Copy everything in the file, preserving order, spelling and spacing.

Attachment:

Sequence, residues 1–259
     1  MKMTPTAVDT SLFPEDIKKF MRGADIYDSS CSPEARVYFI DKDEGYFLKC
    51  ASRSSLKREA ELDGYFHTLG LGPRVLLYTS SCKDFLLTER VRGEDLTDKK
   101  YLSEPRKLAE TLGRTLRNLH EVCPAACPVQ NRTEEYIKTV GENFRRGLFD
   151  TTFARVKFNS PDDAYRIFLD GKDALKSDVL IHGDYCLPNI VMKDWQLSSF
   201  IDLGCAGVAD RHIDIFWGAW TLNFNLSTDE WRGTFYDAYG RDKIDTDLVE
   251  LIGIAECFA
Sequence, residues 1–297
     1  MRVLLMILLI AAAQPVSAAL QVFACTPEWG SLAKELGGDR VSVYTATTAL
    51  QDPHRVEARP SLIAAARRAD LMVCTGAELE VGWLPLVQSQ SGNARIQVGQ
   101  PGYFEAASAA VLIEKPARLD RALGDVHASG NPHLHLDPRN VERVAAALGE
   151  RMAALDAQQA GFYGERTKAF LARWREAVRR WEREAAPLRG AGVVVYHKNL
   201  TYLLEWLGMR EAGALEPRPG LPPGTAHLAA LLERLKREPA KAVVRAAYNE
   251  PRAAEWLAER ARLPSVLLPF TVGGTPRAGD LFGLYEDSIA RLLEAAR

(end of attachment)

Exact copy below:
Sequence, residues 1–259
     1  MKMTPTAVDT SLFPEDIKKF MRGADIYDSS CSPEARVYFI DKDEGYFLKC
    51  ASRSSLKREA ELDGYFHTLG LGPRVLLYTS SCKDFLLTER VRGEDLTDKK
   101  YLSEPRKLAE TLGRTLRNLH EVCPAACPVQ NRTEEYIKTV GENFRRGLFD
   151  TTFARVKFNS PDDAYRIFLD GKDALKSDVL IHGDYCLPNI VMKDWQLSSF
   201  IDLGCAGVAD RHIDIFWGAW TLNFNLSTDE WRGTFYDAYG RDKIDTDLVE
   251  LIGIAECFA
Sequence, residues 1–297
     1  MRVLLMILLI AAAQPVSAAL QVFACTPEWG SLAKELGGDR VSVYTATTAL
    51  QDPHRVEARP SLIAAARRAD LMVCTGAELE VGWLPLVQSQ SGNARIQVGQ
   101  PGYFEAASAA VLIEKPARLD RALGDVHASG NPHLHLDPRN VERVAAALGE
   151  RMAALDAQQA GFYGERTKAF LARWREAVRR WEREAAPLRG AGVVVYHKNL
   201  TYLLEWLGMR EAGALEPRPG LPPGTAHLAA LLERLKREPA KAVVRAAYNE
   251  PRAAEWLAER ARLPSVLLPF TVGGTPRAGD LFGLYEDSIA RLLEAAR